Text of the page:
In contrast, the industry mix of Chinese investment in North America was concentrated in a few big sectors. Several sizable mining deals in Canada made basic materials the number one sector for Chinese FDI in North America in 2018. In the US investment in sectors such as real estate and transport and infrastructure that dominated investment in 2016-2017 largely disappeared due to Chinese and US policy restrictions. Healthcare and biotechnology was instead the top industry in the US.
Stronger outlook in Europe
The pipeline of pending transactions suggest continued divergence in 2019. Chinese investment looks to be robust in Europe in the first half of 2019, with more than $20 billion of pending transactions at the beginning of the year. The pipeline in North America remains weak with less than $5 billion of pending deals.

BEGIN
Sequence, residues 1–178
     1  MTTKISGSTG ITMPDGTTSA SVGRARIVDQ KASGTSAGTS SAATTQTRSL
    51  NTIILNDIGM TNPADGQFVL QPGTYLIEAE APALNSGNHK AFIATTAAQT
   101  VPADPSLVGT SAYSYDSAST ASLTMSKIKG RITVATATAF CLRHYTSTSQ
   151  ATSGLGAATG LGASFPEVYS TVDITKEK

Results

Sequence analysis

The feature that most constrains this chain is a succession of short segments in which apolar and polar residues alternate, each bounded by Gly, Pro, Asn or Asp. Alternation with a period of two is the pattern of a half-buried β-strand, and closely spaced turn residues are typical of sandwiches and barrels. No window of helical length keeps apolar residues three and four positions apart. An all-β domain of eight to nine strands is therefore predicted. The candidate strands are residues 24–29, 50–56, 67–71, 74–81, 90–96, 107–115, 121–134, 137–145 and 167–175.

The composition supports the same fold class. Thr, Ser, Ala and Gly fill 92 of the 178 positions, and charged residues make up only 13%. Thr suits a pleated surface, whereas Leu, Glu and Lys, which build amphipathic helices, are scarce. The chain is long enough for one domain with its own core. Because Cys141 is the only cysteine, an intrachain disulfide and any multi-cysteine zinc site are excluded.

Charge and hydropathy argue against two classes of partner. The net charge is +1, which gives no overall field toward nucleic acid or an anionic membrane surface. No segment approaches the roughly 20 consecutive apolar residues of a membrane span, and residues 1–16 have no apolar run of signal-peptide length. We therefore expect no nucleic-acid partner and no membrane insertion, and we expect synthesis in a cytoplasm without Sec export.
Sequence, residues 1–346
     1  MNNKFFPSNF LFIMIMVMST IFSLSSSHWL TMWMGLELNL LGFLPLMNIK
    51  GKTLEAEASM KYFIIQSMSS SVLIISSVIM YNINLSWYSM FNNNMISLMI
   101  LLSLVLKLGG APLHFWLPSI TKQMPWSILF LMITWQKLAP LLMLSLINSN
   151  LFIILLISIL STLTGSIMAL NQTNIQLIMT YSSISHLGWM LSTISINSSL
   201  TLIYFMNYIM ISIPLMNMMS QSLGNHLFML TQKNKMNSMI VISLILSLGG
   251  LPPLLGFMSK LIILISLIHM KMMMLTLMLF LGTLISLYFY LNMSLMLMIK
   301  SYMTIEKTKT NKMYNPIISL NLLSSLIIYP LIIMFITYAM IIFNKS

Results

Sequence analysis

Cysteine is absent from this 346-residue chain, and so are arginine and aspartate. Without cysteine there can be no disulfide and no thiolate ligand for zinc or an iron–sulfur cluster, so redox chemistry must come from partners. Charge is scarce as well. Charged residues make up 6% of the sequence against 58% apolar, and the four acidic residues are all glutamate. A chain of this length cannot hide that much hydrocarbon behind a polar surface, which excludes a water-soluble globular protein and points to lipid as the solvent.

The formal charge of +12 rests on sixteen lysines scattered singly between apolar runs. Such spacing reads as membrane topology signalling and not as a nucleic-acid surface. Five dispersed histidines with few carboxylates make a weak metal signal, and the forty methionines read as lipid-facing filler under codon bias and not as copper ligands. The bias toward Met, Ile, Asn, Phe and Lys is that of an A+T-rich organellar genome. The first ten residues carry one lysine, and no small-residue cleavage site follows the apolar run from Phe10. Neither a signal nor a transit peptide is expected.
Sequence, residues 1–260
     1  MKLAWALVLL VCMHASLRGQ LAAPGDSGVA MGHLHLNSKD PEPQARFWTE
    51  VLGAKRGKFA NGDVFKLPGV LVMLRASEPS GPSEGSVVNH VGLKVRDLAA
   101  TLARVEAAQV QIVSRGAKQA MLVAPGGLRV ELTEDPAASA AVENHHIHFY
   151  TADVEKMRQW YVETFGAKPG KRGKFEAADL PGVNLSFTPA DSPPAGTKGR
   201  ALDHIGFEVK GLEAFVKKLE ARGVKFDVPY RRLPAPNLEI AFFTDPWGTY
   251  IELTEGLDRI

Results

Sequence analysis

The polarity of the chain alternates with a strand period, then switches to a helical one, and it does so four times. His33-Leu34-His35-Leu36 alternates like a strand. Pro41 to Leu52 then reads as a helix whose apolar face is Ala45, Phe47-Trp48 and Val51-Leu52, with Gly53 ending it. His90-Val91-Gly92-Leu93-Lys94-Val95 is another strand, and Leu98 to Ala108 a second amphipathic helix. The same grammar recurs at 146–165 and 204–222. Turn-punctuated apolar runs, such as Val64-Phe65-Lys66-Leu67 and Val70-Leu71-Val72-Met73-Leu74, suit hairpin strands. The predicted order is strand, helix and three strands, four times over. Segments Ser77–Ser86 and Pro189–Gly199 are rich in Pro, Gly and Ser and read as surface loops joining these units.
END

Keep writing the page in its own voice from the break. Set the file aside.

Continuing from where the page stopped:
"In terms of the outlook there's still a healthy pipeline of M&A in Europe, particularly in the mid-market space and a possible upside in North America if talks can move towards resolving trade conflict as well as concerns over the CFIUS process ease," said Bee Chun Boo, M&A partner in Baker McKenzie's Beijing office. "Here in China, we don't see any significant regulatory or financing impediment for outbound investments that are aligned with China’s strategic objectives."